G. Guerrero, P. K. Smolarkiewicz, E. M. De Gouveia Dal Pino, A. G. Kosovichev, N. N. Mansour

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Rotational shear layers at the boundary between radiative and convective zones, tachoclines, play a key role in the process of magnetic field generation in solar-like stars. We present two sets of global simulations of rotating turbulent convection and dynamo. The first set considers a stellar convective envelope only; the second one, aiming at the formation of a tachocline, also considers the upper part of the radiative zone. Our results indicate that the resulting properties of the mean flows and dynamo, such as the growth rate, saturation energy, and mode, depend on the Rossby number (Ro). For the first set of models either oscillatory (with ∼2 yr period) or steady dynamo solutions are obtained. The models in the second set naturally develop a tachocline, which in turn leads to the generation of a strong mean magnetic field. Since the field is also deposited in the stable deeper layer, its evolutionary timescale is much longer than in the models without a tachocline. Surprisingly, the magnetic field in the upper turbulent convection zone evolves on the same timescale as the deep field. These models result in either an oscillatory dynamo with a ∼30 yr period or a steady dynamo depending on Ro. In terms of the mean-field dynamo coefficients computed using the first-order smoothing approximation, the field evolution in the oscillatory models without a tachocline seems to be consistent with dynamo waves propagating according to the Parker-Yoshimura sign rule. In the models with tachoclines the dynamics is more complex and involves other transport mechanisms as well as tachocline instabilities.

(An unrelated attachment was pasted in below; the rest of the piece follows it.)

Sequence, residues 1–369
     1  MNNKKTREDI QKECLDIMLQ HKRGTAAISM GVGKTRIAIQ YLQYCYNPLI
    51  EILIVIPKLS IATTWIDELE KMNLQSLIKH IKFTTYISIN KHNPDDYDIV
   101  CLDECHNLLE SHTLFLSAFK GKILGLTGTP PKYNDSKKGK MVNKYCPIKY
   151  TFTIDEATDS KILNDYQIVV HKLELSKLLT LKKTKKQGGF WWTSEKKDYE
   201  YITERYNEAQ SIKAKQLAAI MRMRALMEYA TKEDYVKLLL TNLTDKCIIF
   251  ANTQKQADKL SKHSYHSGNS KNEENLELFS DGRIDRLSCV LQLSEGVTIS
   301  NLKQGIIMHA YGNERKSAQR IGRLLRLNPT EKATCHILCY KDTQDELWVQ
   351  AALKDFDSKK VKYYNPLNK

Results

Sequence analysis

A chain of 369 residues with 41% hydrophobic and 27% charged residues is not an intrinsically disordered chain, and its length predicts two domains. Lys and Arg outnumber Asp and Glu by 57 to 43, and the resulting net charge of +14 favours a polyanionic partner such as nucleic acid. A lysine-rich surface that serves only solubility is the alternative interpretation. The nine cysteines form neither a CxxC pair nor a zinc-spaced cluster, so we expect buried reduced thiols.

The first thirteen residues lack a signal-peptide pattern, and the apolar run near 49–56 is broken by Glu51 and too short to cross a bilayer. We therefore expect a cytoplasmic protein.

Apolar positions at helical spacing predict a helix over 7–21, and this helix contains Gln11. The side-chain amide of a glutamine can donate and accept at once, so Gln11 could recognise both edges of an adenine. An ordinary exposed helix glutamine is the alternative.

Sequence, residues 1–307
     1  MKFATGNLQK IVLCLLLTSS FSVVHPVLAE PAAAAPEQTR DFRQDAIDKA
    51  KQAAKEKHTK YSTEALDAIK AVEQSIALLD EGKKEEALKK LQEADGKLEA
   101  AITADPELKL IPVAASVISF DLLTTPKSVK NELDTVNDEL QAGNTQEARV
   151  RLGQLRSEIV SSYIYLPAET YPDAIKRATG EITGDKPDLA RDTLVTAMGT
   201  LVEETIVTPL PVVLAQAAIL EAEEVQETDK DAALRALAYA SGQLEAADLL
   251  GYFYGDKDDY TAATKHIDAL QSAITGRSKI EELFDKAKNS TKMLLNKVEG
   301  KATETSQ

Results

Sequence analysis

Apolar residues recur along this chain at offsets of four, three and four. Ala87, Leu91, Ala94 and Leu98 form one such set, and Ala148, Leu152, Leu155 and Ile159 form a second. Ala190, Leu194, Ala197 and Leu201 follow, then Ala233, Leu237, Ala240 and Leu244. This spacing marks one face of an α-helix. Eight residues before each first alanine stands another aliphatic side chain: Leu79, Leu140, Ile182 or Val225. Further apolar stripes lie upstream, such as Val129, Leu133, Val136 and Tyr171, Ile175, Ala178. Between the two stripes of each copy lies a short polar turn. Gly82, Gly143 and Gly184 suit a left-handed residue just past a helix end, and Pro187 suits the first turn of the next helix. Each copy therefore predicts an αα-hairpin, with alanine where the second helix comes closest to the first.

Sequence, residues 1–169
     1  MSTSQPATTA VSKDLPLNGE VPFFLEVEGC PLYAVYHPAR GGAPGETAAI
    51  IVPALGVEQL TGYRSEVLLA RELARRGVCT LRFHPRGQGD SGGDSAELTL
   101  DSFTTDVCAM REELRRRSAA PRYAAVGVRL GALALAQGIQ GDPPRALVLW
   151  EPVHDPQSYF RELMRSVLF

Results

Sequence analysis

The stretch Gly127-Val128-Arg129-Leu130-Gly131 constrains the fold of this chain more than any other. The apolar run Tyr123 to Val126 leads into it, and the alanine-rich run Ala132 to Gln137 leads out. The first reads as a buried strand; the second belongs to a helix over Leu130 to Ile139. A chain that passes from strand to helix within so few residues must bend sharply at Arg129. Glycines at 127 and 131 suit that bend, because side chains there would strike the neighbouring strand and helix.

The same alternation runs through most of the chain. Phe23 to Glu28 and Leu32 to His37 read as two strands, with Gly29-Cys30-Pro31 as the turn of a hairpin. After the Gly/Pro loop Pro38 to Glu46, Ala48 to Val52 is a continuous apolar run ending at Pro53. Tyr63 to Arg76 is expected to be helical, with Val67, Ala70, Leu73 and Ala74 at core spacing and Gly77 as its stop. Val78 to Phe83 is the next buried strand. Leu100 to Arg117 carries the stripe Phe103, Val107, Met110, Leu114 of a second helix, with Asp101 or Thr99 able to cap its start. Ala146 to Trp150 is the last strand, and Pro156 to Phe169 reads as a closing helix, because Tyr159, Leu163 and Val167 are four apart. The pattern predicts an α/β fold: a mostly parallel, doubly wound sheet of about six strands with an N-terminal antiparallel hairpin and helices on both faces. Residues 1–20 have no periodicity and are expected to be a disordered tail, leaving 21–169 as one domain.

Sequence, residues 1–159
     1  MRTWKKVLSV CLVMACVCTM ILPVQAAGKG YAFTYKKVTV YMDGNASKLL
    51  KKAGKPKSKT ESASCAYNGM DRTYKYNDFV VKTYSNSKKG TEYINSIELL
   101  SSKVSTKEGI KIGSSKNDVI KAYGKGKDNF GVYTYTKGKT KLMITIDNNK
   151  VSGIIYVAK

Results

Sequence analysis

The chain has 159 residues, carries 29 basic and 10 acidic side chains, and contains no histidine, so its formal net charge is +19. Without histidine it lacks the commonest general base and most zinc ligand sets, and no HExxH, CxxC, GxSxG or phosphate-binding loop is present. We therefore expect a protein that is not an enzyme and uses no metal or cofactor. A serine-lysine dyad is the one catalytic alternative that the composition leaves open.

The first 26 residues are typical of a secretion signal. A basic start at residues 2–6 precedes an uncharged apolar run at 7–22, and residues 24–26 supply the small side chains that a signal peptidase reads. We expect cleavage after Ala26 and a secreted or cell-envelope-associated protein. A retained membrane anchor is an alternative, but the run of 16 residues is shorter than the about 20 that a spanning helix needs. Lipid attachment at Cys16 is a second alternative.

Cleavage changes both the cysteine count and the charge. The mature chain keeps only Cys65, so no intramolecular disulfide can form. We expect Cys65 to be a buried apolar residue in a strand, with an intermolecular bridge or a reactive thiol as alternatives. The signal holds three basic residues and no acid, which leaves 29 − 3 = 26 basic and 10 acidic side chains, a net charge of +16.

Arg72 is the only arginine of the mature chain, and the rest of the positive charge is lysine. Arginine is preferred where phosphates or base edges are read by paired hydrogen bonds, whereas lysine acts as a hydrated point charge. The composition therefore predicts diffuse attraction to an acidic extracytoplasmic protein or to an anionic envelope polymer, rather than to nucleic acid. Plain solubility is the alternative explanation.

Original languageEnglish (US)
Article number104
JournalAstrophysical Journal
Issue number2
StatePublished - Mar 1 2016

All Science Journal Classification (ASJC) codes

  • Astronomy and Astrophysics
  • Space and Planetary Science


  • Sun: interior
  • Sun: magnetic fields
  • Sun: rotation
  • stars: activity
  • stars: interiors
  • stars: magnetic field


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